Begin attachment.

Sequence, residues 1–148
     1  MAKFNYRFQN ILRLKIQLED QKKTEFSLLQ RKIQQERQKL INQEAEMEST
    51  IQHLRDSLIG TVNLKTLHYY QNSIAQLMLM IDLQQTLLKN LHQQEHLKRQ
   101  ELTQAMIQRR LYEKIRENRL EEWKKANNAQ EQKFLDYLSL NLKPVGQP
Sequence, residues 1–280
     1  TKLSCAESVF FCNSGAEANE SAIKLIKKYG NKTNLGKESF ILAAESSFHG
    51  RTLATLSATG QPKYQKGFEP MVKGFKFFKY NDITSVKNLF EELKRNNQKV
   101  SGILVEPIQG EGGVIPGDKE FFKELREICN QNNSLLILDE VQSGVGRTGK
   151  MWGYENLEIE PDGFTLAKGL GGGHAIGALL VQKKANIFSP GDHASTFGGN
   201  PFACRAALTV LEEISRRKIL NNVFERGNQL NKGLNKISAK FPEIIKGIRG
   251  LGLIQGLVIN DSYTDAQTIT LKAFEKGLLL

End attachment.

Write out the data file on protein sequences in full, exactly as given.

Sequence, residues 1–148
     1  MAKFNYRFQN ILRLKIQLED QKKTEFSLLQ RKIQQERQKL INQEAEMEST
    51  IQHLRDSLIG TVNLKTLHYY QNSIAQLMLM IDLQQTLLKN LHQQEHLKRQ
   101  ELTQAMIQRR LYEKIRENRL EEWKKANNAQ EQKFLDYLSL NLKPVGQP
Sequence, residues 1–280
     1  TKLSCAESVF FCNSGAEANE SAIKLIKKYG NKTNLGKESF ILAAESSFHG
    51  RTLATLSATG QPKYQKGFEP MVKGFKFFKY NDITSVKNLF EELKRNNQKV
   101  SGILVEPIQG EGGVIPGDKE FFKELREICN QNNSLLILDE VQSGVGRTGK
   151  MWGYENLEIE PDGFTLAKGL GGGHAIGALL VQKKANIFSP GDHASTFGGN
   201  PFACRAALTV LEEISRRKIL NNVFERGNQL NKGLNKISAK FPEIIKGIRG
   251  LGLIQGLVIN DSYTDAQTIT LKAFEKGLLL